Before You Go
The first place to look for travel information is the government Foreign and Commonwealth Office website. It gives you lots of tips, warnings and practical advice on everything from entry requirements to local customs: www.fco.gov.uk/travel But remember that the FCO website only really gives warnings and possible dangers ? this can paint a very negative picture of a country. If you have any worries about what they say or places we plan to visit on our tours then call us to find out our views.
Personal Travel Insurance:
It is compulsory for everyone on the trip to provide their own personal travel insurance and to provide us with a copy of your policy for use should an emergency arise. The amount of cover you want and how much you pay is up to you, but make sure you are covered for all activities you intend to do, eg: white water rafting, horse riding, hiking.. We don?t impose an age limit on our travellers, but please be aware that people over retirement age may find the appropriate level of cover very expensive and/or difficult to obtain.
To make sure you can always access money we recommend you bring a combination of cash US dollars and cash/credit cards to withdraw cash along the way, maybe with some emergency travellers cheques (these are time-consuming and expensive to use in South America, but replaceable if lost). ATM?s are available in most big towns and cities. If you can have two cards, one Visa and one Mastercard, you?ll have the best chance of finding cash. A good alternative to travellers cheques is a prepaid travel money card. A good place to start looking for travel money options is: www.moneysupermarket.com/travel-money/ Exchange rates ? to keep informed on current exchange rates we use: www.xe.com
How much spending money to bring?
It?s impossible to tell you how you?ll spend your money, but if you start with about US $20 a day just for living: eating snacks, laundry, a little beer, taxis, etc and then add money for optional extras, shopping, etc you?ll be able to make a fair estimate for yourself. Then add more for all the stuff you haven?t thought of yet to get a comfortable limit.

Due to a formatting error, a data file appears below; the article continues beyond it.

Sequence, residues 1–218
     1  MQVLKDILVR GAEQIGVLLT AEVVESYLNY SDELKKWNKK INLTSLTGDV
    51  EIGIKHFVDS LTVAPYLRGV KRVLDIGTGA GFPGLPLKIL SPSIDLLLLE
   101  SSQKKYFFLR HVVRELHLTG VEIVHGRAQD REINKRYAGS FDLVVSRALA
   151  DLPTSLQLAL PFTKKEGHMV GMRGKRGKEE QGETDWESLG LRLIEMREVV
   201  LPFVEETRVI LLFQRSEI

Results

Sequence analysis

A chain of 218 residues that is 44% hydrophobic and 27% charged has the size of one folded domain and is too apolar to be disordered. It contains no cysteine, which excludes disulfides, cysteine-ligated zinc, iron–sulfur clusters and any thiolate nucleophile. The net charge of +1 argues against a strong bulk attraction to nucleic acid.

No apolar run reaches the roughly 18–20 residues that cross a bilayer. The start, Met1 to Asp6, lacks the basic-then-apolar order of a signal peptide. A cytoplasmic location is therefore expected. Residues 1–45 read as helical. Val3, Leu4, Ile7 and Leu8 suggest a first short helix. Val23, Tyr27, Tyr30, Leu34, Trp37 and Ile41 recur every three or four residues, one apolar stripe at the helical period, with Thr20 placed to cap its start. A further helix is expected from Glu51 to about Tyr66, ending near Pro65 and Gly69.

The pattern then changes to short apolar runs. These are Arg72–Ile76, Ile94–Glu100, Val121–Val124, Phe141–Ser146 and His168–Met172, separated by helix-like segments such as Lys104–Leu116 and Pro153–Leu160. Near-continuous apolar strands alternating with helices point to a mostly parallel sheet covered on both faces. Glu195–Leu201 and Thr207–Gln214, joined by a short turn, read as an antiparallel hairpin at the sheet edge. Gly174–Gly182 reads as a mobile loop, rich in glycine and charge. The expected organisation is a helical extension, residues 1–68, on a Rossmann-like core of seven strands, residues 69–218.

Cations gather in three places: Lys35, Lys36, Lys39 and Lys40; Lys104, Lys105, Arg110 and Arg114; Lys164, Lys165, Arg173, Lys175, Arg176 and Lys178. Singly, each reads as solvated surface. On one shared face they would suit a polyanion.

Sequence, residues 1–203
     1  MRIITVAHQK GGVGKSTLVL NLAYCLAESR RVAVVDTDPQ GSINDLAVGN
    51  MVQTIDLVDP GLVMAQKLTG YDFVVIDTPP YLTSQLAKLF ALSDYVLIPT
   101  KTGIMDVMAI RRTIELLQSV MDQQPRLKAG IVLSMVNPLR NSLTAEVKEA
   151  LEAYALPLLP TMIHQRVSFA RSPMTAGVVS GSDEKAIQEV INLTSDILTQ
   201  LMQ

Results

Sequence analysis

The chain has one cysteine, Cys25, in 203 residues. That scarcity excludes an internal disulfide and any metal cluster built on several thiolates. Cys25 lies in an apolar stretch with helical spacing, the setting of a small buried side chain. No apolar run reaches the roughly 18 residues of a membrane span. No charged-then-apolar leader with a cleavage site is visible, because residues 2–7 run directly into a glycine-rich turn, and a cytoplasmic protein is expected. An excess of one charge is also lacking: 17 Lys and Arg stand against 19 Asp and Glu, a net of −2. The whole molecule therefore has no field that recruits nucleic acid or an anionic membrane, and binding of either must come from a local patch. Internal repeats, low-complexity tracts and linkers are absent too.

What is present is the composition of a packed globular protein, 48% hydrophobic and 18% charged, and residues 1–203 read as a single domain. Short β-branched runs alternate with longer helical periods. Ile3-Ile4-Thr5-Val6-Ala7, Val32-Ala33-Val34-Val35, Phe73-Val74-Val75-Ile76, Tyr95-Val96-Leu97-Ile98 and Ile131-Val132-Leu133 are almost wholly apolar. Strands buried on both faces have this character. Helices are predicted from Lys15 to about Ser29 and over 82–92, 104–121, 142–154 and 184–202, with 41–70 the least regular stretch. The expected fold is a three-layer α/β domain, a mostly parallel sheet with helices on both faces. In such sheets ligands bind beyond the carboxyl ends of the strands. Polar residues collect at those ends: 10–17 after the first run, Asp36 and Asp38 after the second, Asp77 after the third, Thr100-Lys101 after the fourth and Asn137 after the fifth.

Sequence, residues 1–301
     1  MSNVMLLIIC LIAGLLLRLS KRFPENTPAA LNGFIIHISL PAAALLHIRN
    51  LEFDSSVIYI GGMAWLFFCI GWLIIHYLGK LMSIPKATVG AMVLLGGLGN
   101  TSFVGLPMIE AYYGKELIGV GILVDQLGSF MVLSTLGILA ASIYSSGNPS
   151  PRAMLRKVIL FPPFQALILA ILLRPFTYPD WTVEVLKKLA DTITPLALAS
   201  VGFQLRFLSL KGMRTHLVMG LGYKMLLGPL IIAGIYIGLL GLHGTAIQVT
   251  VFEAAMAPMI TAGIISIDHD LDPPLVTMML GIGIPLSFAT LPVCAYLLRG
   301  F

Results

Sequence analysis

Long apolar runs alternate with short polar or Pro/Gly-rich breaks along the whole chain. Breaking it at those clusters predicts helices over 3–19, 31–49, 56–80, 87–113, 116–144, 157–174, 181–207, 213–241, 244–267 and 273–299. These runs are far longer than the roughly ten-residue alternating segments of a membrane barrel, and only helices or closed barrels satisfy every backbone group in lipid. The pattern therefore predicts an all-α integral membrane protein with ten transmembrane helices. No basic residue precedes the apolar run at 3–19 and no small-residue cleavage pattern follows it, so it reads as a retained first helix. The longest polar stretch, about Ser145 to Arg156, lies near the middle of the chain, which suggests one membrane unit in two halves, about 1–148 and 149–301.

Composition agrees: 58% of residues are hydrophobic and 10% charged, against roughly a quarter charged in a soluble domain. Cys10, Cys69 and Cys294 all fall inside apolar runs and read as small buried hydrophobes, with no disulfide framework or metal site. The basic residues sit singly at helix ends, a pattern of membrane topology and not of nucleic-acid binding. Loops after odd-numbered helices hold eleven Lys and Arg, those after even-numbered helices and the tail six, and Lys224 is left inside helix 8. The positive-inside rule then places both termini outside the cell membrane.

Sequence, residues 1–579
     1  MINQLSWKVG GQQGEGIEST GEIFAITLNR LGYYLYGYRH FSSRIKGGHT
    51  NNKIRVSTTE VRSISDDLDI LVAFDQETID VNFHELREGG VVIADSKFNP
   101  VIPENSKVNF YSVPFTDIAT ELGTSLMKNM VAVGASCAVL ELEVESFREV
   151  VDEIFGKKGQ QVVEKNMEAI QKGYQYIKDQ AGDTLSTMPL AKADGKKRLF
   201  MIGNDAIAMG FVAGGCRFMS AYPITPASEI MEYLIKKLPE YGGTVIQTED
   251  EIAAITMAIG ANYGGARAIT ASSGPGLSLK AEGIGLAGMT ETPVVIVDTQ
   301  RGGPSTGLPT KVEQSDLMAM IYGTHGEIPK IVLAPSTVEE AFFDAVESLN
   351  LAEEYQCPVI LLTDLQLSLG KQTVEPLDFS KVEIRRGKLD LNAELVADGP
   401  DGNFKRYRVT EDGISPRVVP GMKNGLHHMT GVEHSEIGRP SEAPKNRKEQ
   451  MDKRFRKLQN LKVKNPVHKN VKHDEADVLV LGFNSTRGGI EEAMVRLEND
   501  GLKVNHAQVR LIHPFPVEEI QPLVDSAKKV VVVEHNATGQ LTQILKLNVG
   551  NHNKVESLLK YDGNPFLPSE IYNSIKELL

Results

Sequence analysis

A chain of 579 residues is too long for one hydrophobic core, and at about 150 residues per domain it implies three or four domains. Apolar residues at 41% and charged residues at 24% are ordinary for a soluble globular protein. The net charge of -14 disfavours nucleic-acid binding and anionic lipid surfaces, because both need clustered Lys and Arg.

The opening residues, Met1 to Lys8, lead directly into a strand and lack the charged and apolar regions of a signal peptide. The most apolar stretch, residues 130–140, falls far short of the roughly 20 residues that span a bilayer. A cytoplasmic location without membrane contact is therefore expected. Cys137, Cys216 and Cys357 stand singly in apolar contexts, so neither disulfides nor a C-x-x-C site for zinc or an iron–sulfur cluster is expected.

This can be a worry for many people but with a little preparation and common sense you?ll find the health issues in South America much less of a problem than many other parts of the world.
For up-to-date advice you might find the following websites helpful, as well as your GP of course:
If you have any questions about the practicalities of staying healthy in South America, please contact us ? after many years living and running tours here we have plenty of experience and knowledge you can benefit from.
These requirements can and do change so it is impossible to keep page up to date for all nationalities - but we do have the latest information on visa requirements for the countries you will visit. Once you have booked your tour with us we will advise you on the latest news and where to obtain the visas you need.
For most nationalities South America is not much of a problem when it comes to visa requirements – most countries will issue most nationalities a free visa immediately at the border, and of those who don’t qualify for this you can usually obtain your visa from that county’s embassy in the preceding country.
We advise that you also check with the embassy of each country well in advance of your departure to find out if you need a visa.
When crossing a land border in the truck authorities usually don’t bother to ask for proof of onward travel – they can see how you’re going to leave! When arriving by air, on the other hand it is very wise to make sure you have proof of onward travel to make sure you make it through passport control at the airport (entry failure at a land border can usually be sorted with a few phonecalls, extra forms, and a little waiting, but at the airport you’ll end up on the next plane home, usually at your expense!). For this reason it is wise, but not essential, to have an onward flight ticket to somewhere outside South America.
We recommend to everyone to keep about US $100 in cash and four passport photos just in case you need to pay for an unforeseen visa application.
The following website is a good place for some basic information:
The weather in South America:
During our trip will encounter just about everything from sunny, hot and dry in the Western deserts, to steamy tropical rainforests, but most of the time it will be fairly warm. Summer in Patagonia is much like a British summer ? changeable from sunny to rain. Andean nights are normally cool to cold, with strong sunshine in the day. For more information you could try the following websites: